For this post, we asked one of our Department of Quality and Safety medical directors, Mallika Mendu, MD, MBA, to discuss a mortality-review tool being utilized to drive improvements in medical errors that lead to unnecessary deaths.
Patients depend on hospitals to get the care they need. But sometimes, health care institutions fall short for many different reasons. Research estimates that each year, medical errors cause between 210,000-400,000 deaths nationwide.1 Every one of those deaths represent an opportunity to ask questions, learn from mistakes and improve systems going forward. At Brigham Health, we want to ensure that we learn from every error that contributes to death at our hospital.
Safety science experts have emphasized that the most crucial step towards reducing deaths due to medical errors is rapid identification of these errors and potential errors, or what we refer to as “near-misses.” This identification can be extremely challenging, particularly when a patient’s treatment is complex, involving multiple physicians, medications and procedures.
When we began the process of identifying errors or potential errors at Brigham, we realized the caregivers involved in the patient’s care at the time of death were often the most capable of identifying any potential issues that may have contributed to the patient’s death.
For these reasons, over seven years ago, Brigham Health developed and implemented a hospital-wide electronic tool used to capture real-time information about patient deaths from frontline providers. Using this tool, the team members involved in a patient’s care at the time of death almost immediately receive an email with questions around the circumstances of the patient’s death. The goal is to get providers’ perspective in real time, to understand if there was a medical error that contributed to the death, or if we, in any way, could have done things better. The information provided is then investigated confidentially by safety leadership, and steps are taken to address errors or implement improvements suggested. Using these investigations, our goal is to educate ourselves, and to learn from mistakes moving forward.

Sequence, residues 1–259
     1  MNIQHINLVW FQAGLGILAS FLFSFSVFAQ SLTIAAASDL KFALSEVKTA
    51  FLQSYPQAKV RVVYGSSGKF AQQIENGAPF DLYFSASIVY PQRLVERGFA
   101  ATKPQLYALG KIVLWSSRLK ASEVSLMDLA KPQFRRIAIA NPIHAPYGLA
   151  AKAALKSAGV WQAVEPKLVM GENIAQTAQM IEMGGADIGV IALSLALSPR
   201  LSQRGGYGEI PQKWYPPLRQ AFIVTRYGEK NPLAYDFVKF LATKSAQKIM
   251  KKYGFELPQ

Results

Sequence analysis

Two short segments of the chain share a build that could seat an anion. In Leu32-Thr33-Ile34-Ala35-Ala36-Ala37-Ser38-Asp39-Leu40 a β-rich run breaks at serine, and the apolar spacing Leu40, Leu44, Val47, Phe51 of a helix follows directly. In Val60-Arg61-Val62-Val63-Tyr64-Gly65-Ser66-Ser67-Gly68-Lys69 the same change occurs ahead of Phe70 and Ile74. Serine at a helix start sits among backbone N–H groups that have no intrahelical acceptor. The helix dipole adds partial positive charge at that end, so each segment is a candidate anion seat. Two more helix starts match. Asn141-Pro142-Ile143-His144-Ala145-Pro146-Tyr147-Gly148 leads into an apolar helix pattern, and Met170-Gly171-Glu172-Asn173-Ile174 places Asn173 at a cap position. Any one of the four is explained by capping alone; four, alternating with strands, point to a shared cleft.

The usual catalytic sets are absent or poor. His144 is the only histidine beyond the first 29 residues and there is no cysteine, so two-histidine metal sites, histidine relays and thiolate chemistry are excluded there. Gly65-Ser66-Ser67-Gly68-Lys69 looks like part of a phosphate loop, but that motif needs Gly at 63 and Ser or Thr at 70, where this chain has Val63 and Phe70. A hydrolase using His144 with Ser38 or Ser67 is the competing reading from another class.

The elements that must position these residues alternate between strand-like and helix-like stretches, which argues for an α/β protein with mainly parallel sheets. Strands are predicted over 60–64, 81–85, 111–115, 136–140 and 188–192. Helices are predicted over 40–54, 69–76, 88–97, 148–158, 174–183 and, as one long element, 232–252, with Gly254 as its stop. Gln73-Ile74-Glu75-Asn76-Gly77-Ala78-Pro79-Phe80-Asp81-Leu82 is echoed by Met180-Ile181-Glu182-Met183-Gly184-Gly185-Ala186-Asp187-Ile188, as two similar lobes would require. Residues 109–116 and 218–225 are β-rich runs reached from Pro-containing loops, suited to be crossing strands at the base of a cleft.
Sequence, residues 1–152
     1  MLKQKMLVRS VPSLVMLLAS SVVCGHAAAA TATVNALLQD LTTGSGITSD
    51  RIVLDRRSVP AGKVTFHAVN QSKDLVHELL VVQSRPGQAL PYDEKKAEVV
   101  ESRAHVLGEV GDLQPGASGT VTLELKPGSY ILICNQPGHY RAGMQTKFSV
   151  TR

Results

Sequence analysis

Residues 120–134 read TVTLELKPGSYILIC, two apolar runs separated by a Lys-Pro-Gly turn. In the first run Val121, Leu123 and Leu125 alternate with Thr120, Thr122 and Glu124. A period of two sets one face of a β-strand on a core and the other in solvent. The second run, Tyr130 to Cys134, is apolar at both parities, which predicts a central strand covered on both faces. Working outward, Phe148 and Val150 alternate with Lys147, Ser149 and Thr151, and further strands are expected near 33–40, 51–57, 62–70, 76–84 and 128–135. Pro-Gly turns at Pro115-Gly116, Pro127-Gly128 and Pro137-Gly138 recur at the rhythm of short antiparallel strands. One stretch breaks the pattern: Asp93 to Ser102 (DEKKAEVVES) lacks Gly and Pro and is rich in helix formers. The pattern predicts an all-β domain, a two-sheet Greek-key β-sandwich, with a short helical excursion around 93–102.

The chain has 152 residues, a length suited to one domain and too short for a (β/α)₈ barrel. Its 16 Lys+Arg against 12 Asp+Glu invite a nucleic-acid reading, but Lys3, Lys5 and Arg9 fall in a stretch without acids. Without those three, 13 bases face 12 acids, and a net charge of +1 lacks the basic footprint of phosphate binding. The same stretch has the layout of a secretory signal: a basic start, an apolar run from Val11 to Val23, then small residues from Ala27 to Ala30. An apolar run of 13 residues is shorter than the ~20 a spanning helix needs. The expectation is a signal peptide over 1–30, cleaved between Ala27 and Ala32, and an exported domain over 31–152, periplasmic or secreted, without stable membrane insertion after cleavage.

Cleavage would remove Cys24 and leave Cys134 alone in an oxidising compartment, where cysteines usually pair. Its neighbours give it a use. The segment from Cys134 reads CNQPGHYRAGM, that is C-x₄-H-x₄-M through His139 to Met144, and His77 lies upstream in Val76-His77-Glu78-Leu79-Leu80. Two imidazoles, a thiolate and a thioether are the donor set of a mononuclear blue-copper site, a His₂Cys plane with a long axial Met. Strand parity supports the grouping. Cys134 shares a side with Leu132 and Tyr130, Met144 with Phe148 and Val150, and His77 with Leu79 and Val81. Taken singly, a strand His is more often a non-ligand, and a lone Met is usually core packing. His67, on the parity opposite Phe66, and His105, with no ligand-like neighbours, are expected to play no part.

Since the implementation of this tool, there have been many positive changes made because of the information provided through these reviews. Some examples include improving our process of transferring patients from other hospitals, improving communication between various teams at the Brigham and enhancing end-of-life conversations led by physician trainees.
Brigham Health believes that we can continue to learn from every death that occurs in the hospital by using this tool and continuing to increase our efforts to promote transparency and feedback from staff. Reflecting on how we can provide better care on an ongoing basis is a key part of our mission.
You can read more about our inpatient mortality review system work in BMJ Quality and Safety, published here.
1Makary MA, Daniel M. Medical Error-The Third Leading Cause of Death in the US. BMJ. 2016 May 3;353:i2139.